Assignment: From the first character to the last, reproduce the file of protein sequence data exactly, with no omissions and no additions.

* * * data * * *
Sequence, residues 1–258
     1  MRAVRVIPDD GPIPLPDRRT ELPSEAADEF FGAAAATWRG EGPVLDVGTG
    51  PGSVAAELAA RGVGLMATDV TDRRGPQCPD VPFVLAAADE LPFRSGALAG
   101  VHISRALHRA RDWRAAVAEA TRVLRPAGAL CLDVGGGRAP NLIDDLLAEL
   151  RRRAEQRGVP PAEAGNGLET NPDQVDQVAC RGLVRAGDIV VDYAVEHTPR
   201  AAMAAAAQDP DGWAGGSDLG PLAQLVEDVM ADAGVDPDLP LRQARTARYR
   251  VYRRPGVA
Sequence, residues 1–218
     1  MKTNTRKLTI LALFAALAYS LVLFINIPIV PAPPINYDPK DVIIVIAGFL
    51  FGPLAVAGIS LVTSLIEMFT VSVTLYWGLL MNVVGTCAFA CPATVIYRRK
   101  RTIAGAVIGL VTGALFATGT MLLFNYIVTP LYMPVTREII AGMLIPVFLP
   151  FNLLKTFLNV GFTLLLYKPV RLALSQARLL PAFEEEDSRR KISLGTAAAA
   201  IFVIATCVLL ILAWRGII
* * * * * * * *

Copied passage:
Sequence, residues 1–258
     1  MRAVRVIPDD GPIPLPDRRT ELPSEAADEF FGAAAATWRG EGPVLDVGTG
    51  PGSVAAELAA RGVGLMATDV TDRRGPQCPD VPFVLAAADE LPFRSGALAG
   101  VHISRALHRA RDWRAAVAEA TRVLRPAGAL CLDVGGGRAP NLIDDLLAEL
   151  RRRAEQRGVP PAEAGNGLET NPDQVDQVAC RGLVRAGDIV VDYAVEHTPR
   201  AAMAAAAQDP DGWAGGSDLG PLAQLVEDVM ADAGVDPDLP LRQARTARYR
   251  VYRRPGVA
Sequence, residues 1–218
     1  MKTNTRKLTI LALFAALAYS LVLFINIPIV PAPPINYDPK DVIIVIAGFL
    51  FGPLAVAGIS LVTSLIEMFT VSVTLYWGLL MNVVGTCAFA CPATVIYRRK
   101  RTIAGAVIGL VTGALFATGT MLLFNYIVTP LYMPVTREII AGMLIPVFLP
   151  FNLLKTFLNV GFTLLLYKPV RLALSQARLL PAFEEEDSRR KISLGTAAAA
   201  IFVIATCVLL ILAWRGII